VA to Celebrate White Cane Safety Day - New Mexico VA Health Care System
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New Mexico VA Health Care System

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VA to Celebrate White Cane Safety Day

October 12, 2017

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ALBUQUERQUE – Visitors and patients at the Raymond G. Murphy VA Medical Center in Albuquerque will have an opportunity to learn more about safe travel techniques for the visually impaired on Monday, Oct. 16.   An information table will be set up in the medical center’s main lobby (Bldg. 41) from 9 a.m. to 1 p.m. that day for White Cane Safety Day. 

  Every year on October 15, White Cane Safety Day is recognized by presidential proclamation.  President Lyndon B. Johnson first proclaimed National White Cane Safety Day in 1964 with these words, “A white cane in our society has become one of the symbols of a blind person’s ability to come and go on his own.  Its use has promoted courtesy and special consideration for the blind on our streets and highways.  To make our people more fully aware of the meaning of the white cane, and of the need for motorists to exercise special care for the blind persons who carry it, the Congress, by joint resolution has authorized the President to proclaim October 15 of each year as White Cane Safety Day.”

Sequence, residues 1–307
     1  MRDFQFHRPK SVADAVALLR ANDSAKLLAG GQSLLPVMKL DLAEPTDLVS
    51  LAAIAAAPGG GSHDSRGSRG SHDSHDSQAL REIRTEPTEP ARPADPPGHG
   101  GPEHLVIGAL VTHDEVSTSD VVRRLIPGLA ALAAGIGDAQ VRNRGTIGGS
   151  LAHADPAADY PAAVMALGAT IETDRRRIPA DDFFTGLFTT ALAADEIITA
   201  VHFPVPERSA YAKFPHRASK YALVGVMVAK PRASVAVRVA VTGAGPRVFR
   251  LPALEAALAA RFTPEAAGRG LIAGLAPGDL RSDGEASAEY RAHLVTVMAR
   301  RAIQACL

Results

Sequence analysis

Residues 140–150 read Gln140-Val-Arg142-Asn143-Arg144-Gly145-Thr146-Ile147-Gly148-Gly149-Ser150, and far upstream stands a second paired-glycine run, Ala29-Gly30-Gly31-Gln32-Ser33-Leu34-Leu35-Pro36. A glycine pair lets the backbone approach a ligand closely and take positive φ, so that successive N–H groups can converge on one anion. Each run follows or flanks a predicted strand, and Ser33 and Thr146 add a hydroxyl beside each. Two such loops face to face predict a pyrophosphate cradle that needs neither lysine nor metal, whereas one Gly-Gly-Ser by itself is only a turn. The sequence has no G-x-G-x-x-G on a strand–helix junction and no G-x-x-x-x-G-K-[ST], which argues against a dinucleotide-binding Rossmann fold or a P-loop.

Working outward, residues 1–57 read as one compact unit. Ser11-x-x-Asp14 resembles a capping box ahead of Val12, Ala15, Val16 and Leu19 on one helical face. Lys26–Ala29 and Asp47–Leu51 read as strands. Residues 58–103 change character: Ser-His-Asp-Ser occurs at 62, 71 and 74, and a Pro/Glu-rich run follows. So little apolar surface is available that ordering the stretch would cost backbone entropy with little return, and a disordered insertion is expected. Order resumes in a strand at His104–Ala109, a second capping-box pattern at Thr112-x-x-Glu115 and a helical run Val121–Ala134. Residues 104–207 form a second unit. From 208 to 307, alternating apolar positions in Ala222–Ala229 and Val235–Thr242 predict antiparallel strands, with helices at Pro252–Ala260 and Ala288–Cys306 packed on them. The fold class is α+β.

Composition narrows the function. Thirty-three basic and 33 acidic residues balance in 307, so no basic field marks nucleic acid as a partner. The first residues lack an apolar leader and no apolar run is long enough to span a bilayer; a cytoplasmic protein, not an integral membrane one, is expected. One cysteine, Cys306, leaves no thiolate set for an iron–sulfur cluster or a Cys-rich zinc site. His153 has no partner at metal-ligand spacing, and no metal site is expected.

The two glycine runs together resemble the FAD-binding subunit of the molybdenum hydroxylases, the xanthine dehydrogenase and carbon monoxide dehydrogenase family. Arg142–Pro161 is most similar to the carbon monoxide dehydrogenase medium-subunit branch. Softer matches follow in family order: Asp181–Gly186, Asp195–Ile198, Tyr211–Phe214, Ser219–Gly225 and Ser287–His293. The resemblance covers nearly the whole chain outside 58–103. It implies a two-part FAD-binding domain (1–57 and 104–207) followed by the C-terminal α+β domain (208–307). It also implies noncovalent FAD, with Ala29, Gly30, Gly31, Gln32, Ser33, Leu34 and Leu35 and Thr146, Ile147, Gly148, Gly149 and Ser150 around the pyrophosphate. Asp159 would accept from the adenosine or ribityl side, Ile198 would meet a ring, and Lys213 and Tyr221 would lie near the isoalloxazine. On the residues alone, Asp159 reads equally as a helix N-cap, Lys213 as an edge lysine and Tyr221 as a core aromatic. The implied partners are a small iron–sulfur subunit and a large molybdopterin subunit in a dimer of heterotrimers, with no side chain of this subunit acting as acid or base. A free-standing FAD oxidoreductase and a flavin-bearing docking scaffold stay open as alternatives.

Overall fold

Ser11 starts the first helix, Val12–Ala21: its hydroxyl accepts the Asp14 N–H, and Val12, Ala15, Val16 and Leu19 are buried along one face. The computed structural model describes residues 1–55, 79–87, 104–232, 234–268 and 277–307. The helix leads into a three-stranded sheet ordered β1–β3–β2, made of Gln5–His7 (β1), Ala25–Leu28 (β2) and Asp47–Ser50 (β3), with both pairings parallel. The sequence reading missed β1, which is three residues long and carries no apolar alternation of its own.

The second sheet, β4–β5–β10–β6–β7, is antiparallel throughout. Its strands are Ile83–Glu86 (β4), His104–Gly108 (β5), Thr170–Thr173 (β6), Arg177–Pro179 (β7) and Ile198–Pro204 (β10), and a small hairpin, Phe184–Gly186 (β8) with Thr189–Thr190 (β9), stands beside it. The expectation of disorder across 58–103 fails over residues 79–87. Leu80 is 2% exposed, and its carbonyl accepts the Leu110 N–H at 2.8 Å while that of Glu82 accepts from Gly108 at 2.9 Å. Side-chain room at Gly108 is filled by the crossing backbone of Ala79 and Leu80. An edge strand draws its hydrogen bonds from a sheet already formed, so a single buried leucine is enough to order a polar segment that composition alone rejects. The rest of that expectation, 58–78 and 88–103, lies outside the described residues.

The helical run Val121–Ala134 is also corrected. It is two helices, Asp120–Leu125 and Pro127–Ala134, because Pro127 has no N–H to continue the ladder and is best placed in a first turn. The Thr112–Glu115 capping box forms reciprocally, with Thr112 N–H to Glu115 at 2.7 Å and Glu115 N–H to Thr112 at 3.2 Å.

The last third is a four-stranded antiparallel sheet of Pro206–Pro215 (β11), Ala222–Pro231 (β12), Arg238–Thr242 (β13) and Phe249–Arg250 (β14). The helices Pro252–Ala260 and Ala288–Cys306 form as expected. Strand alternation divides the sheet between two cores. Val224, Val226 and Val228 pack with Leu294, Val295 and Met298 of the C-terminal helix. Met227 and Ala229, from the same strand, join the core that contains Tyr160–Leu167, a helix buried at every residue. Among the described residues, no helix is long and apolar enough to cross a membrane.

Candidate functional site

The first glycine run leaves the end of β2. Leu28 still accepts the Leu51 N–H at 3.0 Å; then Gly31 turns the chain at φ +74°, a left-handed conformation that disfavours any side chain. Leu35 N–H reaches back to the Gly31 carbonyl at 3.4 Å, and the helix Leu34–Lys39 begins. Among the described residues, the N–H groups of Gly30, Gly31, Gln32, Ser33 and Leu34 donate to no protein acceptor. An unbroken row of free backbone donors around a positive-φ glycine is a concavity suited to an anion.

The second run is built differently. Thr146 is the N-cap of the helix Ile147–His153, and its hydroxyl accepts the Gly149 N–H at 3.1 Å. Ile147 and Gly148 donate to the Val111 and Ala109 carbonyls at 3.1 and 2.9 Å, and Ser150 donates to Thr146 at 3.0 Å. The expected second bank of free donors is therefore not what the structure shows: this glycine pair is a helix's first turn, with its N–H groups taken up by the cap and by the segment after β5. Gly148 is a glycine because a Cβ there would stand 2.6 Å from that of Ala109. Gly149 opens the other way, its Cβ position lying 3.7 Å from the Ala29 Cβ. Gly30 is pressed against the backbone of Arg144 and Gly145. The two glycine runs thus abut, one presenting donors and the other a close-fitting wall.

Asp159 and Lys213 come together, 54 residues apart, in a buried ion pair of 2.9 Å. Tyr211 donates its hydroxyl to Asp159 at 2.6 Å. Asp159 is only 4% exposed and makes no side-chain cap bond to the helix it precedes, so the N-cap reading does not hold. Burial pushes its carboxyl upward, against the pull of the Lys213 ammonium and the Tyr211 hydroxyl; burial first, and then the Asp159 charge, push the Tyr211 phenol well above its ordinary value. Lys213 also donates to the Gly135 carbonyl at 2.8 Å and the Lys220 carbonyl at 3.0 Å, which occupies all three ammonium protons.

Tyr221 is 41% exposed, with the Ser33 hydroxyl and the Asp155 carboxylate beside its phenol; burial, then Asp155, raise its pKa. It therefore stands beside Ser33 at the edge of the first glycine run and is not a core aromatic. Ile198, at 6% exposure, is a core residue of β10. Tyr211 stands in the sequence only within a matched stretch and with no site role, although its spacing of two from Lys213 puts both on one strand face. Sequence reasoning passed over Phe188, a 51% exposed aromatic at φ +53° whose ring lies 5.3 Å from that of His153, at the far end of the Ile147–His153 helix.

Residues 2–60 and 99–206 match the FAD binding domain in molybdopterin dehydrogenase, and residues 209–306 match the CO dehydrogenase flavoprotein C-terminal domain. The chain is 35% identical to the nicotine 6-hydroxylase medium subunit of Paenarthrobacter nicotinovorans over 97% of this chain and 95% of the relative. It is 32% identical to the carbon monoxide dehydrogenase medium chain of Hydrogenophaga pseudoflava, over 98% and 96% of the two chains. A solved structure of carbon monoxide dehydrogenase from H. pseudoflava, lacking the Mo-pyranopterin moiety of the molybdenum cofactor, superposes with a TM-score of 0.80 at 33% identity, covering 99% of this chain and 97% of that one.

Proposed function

The proclamation helps to continually educate Americans about the cane and its usage.   For thousands of Americans who are blind or visually impaired, the white cane is a vital tool for safety travel.  

  “Visually impaired veterans returning home from World War II in greater numbers and seeking reintegration into their communities were the inspiration for the continued development of the long white cane and many travel techniques used today,” said Trudi Valdez, Visual Impairment Services Team (VIST) coordinator for the New Mexico VA Health Care System.  “Most Americans know that the white cane is a travel tool for its visually impaired user and a signal to alert the general public to use common courtesies. If you see a blind person using a cane and are not sure what to do, just ask!” 

  The Department of Veterans Affairs provides a comprehensive array of services for veterans with low vision and blindness. For more information about services available for visually impaired veterans in New Mexico, contact Trudi Valdez in Albuquerque at (505) 256-2774.